Wednesday, June 27, 2007

Impressionable Youngster

Yesterday I celebrated another successful Authors@Google event, starring luminary sports writer Frank Deford. This is a man who's won more awards than I've ever even wanted, and written extensively and intelligently - nay, beautifully - on a subject that rarely even catches my interest (the notable exception is when the Seahawks make the Super Bowl. Never again, guys).

Luckily, this time I managed to avoid asking an embarrassing question, instead impressing Frank with my wily intuition by spotting him, lost and in rental car, in the labyrinth of Google's many parking lots. I went up and knocked on the window.

"Are you Frank?" I asked. There were 3 minutes until the event was supposed to start, and he was late, due to a delayed plane. I had picked him out by looking for the face most disconcerted by all it saw.

"How did you find me?" He seemed genuinely impressed. I decided that the day was going well.

As I mentioned, I'm not much one for sports chatter. I like to pretend that I'm knowledgeable when it suits me, but I doubt I've often fooled anyone. Hearing Frank Deford speak fluently about the intricate psychology of the sports world was an illuminating experience - it almost made me wish I knew a statistic or two to make myself sound well-spoken. But moreover, it reminded me how much I value (wisely or not) the perspective of a person fully immersed in their subject.

To me, sports are sports. I neither think them vapid nor fascinating, crude nor essential. Occasionally I might like to play pick-up soccer or ride my bike, but that is all peripheral. All of which is to say, any sport I participate is part of me - I am not making myself part of it.

What am I missing? I may never know. Certainly I don't believe that an intricate understanding of the sports world is worth more than an intricate knowledge of anything else - education, violin making, artificial intelligence. But as a person still seeking a place in the world, I'll take my intangible envy wherever I can get it.Publish Post

**If you're interested in Frank Deford, I encourage you to read his work, including his newest book The Entitled. He's a real sharp guy, a classic sort of human being, and his writing looks beyond individual games into the very morality of the sports realm.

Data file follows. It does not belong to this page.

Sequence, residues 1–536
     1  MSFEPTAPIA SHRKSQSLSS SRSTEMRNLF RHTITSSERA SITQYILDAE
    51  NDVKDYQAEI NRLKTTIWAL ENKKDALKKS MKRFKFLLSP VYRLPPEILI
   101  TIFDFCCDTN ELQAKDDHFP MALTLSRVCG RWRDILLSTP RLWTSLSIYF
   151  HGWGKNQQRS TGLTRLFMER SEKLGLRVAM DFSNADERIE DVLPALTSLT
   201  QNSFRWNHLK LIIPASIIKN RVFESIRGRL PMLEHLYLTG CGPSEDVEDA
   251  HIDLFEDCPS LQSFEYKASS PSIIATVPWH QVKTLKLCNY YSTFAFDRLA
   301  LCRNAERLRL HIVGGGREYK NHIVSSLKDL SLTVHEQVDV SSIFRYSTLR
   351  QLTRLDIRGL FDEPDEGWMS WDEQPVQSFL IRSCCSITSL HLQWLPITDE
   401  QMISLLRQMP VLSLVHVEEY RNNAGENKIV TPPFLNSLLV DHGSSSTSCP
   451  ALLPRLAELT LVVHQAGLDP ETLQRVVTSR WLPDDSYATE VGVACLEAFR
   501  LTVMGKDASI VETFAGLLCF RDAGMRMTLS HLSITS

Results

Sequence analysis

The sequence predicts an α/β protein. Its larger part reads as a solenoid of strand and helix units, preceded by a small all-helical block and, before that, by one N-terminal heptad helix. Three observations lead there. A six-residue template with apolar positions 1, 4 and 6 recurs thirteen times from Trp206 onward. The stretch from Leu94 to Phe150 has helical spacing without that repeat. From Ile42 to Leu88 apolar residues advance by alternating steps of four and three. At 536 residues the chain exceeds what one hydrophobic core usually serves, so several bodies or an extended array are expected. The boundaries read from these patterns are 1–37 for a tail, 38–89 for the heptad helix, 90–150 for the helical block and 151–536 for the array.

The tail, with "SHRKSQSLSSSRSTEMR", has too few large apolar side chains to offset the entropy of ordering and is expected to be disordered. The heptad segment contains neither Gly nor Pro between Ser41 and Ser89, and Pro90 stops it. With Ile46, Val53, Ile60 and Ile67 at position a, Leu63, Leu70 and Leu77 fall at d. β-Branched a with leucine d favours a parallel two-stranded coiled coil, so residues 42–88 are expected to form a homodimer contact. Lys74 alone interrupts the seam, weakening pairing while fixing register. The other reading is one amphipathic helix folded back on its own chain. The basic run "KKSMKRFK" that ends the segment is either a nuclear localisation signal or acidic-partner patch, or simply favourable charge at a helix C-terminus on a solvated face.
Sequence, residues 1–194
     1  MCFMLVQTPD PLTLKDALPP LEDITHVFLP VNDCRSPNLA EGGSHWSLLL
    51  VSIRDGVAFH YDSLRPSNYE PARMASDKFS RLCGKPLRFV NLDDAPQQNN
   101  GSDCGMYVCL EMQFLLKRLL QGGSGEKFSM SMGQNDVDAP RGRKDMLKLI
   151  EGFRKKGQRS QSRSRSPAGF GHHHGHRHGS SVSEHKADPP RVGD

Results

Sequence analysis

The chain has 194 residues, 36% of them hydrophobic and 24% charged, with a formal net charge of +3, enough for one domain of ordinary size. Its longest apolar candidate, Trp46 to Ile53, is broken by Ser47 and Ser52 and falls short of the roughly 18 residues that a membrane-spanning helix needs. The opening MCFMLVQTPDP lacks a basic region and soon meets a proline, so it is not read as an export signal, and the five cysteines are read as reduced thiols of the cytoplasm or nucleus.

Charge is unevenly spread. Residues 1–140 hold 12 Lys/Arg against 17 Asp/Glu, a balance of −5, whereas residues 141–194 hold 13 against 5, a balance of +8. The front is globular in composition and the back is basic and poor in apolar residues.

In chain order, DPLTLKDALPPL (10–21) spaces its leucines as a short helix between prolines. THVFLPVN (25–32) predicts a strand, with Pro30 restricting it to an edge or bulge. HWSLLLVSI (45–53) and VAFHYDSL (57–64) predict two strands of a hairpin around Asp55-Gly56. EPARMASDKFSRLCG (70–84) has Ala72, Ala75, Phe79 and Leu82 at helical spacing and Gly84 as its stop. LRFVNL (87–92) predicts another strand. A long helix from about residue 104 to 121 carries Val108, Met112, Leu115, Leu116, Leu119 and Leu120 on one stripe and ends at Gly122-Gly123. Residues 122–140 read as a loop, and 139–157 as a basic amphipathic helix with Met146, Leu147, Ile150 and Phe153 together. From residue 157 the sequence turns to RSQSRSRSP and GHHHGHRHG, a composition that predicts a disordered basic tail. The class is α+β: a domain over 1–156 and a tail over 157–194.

He's a senior writer at Sports Illustrated, a commentator for NPR's Morning Edition, and a correspondent on HBO's Real Sports with Bryant Gumbel. Among other things.

Friday, June 22, 2007

Awkward Chic

I know I haven't posted here for awhile, and for that, I apologize. But in order to make it up to you, I have decided to recall here an embarrassing story. Well, two parts embarrassing, one part great. Let me preface this by saying that when I do something embarrassing, something that I'd truly like people to forget, I tend to just tell a bunch of people to get it over with. It's a knee-jerk reaction, but it works for me.


Today, Aimee Bender came to read at Google as part of the Authors@Google program. Bender is a writer I've admired from afar for quite awhile. Her prose is cozy somehow, comforting in its darkness, familiar in its fairytale qualities. She mentioned, during the Q&A session after her reading, that she hopes readers come away from her work feeling oddly satisfied; that is, satisfied without knowing quite why. And indeed that's how I feel when I read - for example - Willful Creatures. It's as though I've woken up from a particularly allegorical dream, but there's no rush to examine it, I can still lay in bed awhile longer.

At any rate, after the reading I got to have lunch with Aimee, showing her and several of her friends around the bizarre labyrinth of Google's main campus ("On your left you'll see our dinosaur, surrounded by pink flamingos..."). She was very conversational, nice enough to answer the questions that me and the other Authors@ team members peppered her with while we ate.

So what's the embarrassing part? After lunch as we were leaving, I asked Aimee Bender to be my best friend. I don't know why I phrased it that way - what I meant was "A bunch of wonderful authors come to visit Google, and when they turn out to be incredible people as well I feel like I know them, and I wish I could hang out with them more" (that's one of the liabilities of the Google sense of entitlement - it feels like people should want to just hang out with us).

But I phrased it "Be my best friend!", because deep down I am just an awkwardly enthusiastic girl who occasionally speaks before she thinks. Obviously, not too very deep down.

Anyway, that is my story. If you want, you should reply to this post with embarrassing stories of your own, turning this one silly post into a teen TigerBeat type forum for humiliating self-discovery. Doesn't that sound fun?

***In the meantime, you should check out this one other Aimee Bender story/collaboration, because I think it's great:

Hotel Rot